The best observation that any politico can offer on the three-way U.S. Senate race in Pennsylvania between Republican Pat Toomey and two Democrats, U.S. Rep. Joe Sestak and incumbent Sen. Arlen Specter, is that it’s complicated.
So many unpredictable dynamics can affect it, including the economy, health care, the war in Afghanistan, and people's perceptions of President Obama, Congress and the two political parties.
Pretend the Pennsylvania electorate is normally distributed in a bell-curve along an ideological spectrum. Now pretend two different scenarios divide the electorate; the candidate with the most people on his side wins, right?
If the candidates are Toomey versus Sestak, the electorate divides more evenly because of where each is positioned relative to the other. When they split the difference between them, they also split the electorate nearly in half.
Villanova professor Lara Brown says that electoral math is why Toomey should prefer Sestak over Specter: “… (If) Specter were his opponent in a general election, Specter might be able to squeak out a win by pulling Democrats who would have no one else to vote for, independents who lean Republican, and liberal Republicans who voted for Specter in the past.”
Toomey should prefer to run against Sestak, in other words, because those former Specter GOP-aligned voters are more likely to side with him.
Sestak is likely to be okay with helping Toomey at this stage because Sestak, first and foremost, wants to be able to have a chance to compete in the general election.
If Sestak does the math, he knows that if he wins the primary, he should be able to win the general election. Even if they split the electorate, the electorate favors Dems at the moment; there are 1.2 million more registered Democrats than Republicans in the state.
Toomey and Sestak also are savvy enough to know the 2010 Senate race will be all about Arlen Specter, not about either of them.
Villanova’s Brown says the centerpiece for either challenger is contrasting his civil campaign with Specter’s crass political maneuvering – first being a Democrat, then running and serving as a Republican, then switching back to Democrat when it appeared he might lose, then being for, against and once more for labor’s Employee Free Choice Act.
“I mean, really,” Brown says. “What is he going to say at the AFL-CIO convention in a couple of weeks?”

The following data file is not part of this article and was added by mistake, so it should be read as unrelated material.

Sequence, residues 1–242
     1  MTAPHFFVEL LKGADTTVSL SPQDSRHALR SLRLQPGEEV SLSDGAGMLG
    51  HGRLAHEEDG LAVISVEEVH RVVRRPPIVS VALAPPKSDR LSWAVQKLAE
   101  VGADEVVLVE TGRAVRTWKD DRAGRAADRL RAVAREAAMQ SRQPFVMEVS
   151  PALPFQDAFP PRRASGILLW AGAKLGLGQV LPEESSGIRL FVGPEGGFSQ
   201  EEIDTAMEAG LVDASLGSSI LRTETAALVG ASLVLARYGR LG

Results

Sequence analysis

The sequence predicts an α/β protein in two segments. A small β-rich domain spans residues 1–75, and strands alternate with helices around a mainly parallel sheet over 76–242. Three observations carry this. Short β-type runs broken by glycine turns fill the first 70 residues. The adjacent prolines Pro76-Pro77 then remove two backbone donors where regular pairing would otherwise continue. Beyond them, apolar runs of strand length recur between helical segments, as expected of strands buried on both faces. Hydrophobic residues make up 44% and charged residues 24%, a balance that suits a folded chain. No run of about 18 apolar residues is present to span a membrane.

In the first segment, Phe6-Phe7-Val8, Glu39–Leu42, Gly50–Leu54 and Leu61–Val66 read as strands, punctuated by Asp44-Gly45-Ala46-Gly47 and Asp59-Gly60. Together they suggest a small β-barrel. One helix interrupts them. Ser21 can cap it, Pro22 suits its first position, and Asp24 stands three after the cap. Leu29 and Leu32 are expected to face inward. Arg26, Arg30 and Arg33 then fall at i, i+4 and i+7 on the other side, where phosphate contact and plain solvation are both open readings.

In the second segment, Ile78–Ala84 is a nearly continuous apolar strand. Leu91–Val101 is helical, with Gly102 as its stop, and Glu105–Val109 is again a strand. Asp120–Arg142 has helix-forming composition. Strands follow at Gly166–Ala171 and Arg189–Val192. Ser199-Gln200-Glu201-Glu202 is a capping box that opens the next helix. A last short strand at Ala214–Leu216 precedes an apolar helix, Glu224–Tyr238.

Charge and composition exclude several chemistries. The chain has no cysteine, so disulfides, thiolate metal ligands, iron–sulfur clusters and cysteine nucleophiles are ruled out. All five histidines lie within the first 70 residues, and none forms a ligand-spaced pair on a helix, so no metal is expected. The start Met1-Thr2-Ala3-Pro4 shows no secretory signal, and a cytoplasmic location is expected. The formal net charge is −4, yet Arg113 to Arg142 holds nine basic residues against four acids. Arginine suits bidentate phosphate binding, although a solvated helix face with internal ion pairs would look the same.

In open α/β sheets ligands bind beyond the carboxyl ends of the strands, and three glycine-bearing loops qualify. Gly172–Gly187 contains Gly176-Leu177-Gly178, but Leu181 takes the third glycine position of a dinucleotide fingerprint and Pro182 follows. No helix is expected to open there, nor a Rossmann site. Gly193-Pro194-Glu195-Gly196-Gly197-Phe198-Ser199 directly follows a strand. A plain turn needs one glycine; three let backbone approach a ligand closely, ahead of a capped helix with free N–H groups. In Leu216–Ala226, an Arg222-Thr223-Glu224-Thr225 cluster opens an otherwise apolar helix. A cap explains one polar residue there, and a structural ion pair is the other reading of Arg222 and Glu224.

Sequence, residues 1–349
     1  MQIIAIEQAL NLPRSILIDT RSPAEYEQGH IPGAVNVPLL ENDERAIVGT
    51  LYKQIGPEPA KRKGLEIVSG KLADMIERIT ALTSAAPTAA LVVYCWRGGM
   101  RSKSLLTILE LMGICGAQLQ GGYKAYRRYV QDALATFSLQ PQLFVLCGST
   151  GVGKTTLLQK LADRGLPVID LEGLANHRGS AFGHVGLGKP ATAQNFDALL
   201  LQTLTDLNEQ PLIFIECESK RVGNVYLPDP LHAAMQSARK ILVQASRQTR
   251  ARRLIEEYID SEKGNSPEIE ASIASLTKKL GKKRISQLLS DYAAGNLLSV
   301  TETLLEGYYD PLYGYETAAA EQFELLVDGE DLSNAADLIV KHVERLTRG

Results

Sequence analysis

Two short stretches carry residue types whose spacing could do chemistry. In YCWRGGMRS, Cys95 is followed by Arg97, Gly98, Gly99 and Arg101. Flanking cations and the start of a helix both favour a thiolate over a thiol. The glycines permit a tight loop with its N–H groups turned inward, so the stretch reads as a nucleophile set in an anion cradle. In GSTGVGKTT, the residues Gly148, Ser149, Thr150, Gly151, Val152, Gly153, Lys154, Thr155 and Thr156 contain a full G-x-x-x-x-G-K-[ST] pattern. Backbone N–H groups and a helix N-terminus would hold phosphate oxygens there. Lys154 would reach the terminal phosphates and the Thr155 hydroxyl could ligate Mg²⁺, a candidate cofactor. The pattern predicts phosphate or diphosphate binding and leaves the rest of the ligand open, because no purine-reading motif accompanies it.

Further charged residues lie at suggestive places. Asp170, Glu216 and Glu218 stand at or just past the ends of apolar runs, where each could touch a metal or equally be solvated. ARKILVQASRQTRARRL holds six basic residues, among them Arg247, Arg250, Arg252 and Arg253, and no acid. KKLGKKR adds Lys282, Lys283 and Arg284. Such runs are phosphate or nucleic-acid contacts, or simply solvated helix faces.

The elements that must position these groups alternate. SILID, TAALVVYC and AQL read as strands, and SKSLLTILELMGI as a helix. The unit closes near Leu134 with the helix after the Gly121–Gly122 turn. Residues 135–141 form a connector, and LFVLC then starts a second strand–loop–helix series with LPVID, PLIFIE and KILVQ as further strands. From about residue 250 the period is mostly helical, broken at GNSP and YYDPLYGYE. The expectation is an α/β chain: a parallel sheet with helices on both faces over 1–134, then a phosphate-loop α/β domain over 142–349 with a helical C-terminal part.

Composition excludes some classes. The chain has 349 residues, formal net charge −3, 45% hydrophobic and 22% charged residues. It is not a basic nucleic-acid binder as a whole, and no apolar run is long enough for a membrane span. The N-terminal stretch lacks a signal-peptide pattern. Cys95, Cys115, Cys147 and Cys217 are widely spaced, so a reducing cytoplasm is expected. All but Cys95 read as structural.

Which brings us to Sestak’s huge Obama problem: Next week in Pittsburgh, the president and Specter will address the national AFL-CIO convention; Sestak was excluded. An interesting decision, considering that labor has sent out plenty of mailers to members asking them to elbow Specter on his tepid labor positions.
This is only the tip of the iceberg that Sestak will face in the form of the Obama political machine.
If his primary race appears to be close (and in all likelihood it will), Sestak can expect a ruthless campaign to defeat him, orchestrated by Obama’s best operatives.
He had best be prepared for the Chicago politics coming his way – and run as fast as he can to the “netroots” for support. And he had best be prepared to tell voters and the media about the tactics being used against him by his own party.
If not, we will once again see a Toomey-vs.-Specter race.
Specter, for his part, is counting on Obama and Gov. Ed Rendell to put him over the top. Both politicians may not necessarily be an asset as 2010 approaches, however.
Obama's numbers have fallen and continue to slide. Rendell's numbers have fallen, too; if he allows a state cigarette tax to pass, it will hurt blue-collar voters more than white-collar voters – and that could hurt him with the voting demographic he plans to help deliver to Specter.
Right now Obama is losing ground but Republicans are not gaining any, which makes any assessment premature. Yet one thing to note is Toomey’s maturing as a candidate: He is edging to the center in his campaign, thanks to the Sestak-Specter battle, running more like the guy who once ran for and won a Democrat-leaning congressional seat.
Toomey still will have a tough time. Yet if a sizeable national trend toward the GOP occurs in 2010, then anything is possible; that’s how Rick Santorum won his U.S. Senate seat in 1994.
Interesting times in Pennsylvania. But interesting, in this case, means unpredictable.